Category Archives: Life
If there is one thing I think every young adult needs, it’s a mentor. Someone to influence, guide and support you. Someone to be your cheerleader during the times you need it most. I am lucky enough to say I’ve had a few mentors thus far on this crazy journey of mine. All of them unique and wonderful in their own way.
Most of these mentors have been people helping me on my professional path, but they’ve all become really good friends of mine. They are people I trust and people I can really talk to. They’re people that care about me. Truly care. Each and every one of them has my best interest at heart. That’s pretty awesome, actually.
There were so many times during my year of unemployment where I felt completely hopeless. Whenever I was getting to the point of wanting to give up all together, there was one person in particular who just seemed to sense it and would reach out to give me that extra bit of confidence. His enthusiasm and belief in me was exactly what I needed. In the end, it was actually what helped me land the job I have now.
When I need advice, when I need a sounding board or when I just need to vent, I have a handful of people I can call on at a moment’s notice. That’s a really incredible thing to be able to say, and I am so appreciative and grateful of their kindness.
As important as it is to have a mentor, it’s just as important to make the effort to be a mentor. I watch so many people who have worked their way up the corporate latter and at the risk of sounding cliché, have completely forgotten where they came from. When does that happen? At what point do you start to forget?
I will always make the time for the college student who wants to sit down for an informational interview. I will make the time to grab coffee with the new associate or coordinator. I will make the effort to help give some kid just out of school encouragement and assurance because I’ll remember that time in your life is scary. Extremely scary.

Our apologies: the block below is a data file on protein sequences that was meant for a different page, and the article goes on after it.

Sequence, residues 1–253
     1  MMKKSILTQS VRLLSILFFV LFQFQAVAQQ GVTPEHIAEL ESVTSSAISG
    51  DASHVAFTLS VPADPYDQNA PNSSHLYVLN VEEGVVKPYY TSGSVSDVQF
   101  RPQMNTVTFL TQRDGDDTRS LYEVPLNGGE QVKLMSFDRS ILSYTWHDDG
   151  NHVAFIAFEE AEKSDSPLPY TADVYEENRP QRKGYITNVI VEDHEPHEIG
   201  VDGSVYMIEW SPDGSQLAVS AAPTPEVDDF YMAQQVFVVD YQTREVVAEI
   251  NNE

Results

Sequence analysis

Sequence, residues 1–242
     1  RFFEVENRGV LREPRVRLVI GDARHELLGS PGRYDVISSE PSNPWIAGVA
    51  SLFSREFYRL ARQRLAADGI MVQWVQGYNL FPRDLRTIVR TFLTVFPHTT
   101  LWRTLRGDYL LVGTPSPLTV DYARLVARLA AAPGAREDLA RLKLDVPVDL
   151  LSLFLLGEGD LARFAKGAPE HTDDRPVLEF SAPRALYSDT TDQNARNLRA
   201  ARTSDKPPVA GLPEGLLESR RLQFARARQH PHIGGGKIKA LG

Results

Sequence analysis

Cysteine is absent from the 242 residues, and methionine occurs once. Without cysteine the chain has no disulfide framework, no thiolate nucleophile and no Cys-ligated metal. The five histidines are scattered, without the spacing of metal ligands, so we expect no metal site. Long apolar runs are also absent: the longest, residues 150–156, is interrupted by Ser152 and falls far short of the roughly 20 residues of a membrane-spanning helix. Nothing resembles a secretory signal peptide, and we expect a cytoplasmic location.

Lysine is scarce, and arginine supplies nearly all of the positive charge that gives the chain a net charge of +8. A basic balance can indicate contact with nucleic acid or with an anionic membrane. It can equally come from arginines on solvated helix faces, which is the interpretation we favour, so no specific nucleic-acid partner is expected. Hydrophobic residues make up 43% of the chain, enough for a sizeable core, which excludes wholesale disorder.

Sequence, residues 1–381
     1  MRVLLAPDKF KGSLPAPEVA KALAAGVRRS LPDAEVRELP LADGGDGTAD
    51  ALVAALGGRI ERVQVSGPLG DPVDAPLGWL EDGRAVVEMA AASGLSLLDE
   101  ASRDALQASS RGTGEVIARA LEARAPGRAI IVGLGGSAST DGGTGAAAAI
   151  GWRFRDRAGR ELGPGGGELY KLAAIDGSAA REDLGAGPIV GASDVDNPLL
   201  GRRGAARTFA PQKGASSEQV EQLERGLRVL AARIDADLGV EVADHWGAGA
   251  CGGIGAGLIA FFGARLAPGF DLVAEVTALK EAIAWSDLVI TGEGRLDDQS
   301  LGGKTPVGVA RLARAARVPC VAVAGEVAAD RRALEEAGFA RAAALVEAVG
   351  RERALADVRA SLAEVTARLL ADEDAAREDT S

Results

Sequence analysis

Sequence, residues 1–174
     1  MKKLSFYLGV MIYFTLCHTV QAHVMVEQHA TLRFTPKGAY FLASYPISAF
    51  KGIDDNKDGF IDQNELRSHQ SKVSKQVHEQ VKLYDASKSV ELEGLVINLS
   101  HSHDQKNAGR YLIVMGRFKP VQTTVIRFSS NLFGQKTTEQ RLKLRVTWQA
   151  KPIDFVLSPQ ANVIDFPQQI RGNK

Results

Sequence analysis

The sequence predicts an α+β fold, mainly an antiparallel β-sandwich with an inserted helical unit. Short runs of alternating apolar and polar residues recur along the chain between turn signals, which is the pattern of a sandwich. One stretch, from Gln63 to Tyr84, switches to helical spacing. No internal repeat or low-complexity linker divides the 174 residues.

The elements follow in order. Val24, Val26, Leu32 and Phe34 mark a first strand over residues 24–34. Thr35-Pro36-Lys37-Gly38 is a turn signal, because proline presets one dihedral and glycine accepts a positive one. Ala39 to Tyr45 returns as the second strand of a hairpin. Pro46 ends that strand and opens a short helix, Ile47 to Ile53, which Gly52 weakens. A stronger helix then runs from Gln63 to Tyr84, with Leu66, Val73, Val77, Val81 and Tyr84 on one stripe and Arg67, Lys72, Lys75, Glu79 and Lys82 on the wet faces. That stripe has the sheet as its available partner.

I’m going to be a nice person. I’m going to show the fresh, bright-eyed, eager young adult that you can be smart and successful and great at what you do, but still be a decent, kind human being. I AM NOT GOING TO FORGET WHAT IT WAS LIKE.
Find a mentor. Be a mentor. Make the extra effort. Build the relationships. Keep paying it all forward.
“A lot of people have gone further than they thought they could because
someone else thought they could.” – Unknown
Last weekend I spent in Chicago with friends. It was the first time I had been back since I moved home almost a year and a half ago. In some ways that seems like forever, but once I was back there it felt like I had never left. In a strange way, I think that city will always be a part of who I am; it feels more like “me” than California does. I think I’m really just a Midwesterner at heart.
I love that with true friends distance changes nothing. You pick up right where you left off and it feels like no time has passed since you were last together. That’s how it was on this trip. It felt so good to see the girls and catch up on life. I LOVED every minute of it.
There’s nothing quite like your college friends. You shared a unique and special time together that no one else quite understands and that can never be repeated. You share stories, memories and a time in your life that I consider to be one of the very best. Essentially, you grown up together. The 18 year-olds you met as are not the same people who were handed diplomas a few years later. If you’re like me, and moved far away from home, these friends become your family. They’re who you spend your free-time with, who you rely on, who you grab to get a beer with, who you study with, who you cry to when you have a 15 page paper due the next day that you haven’t started and who you call when you need serious retail therapy.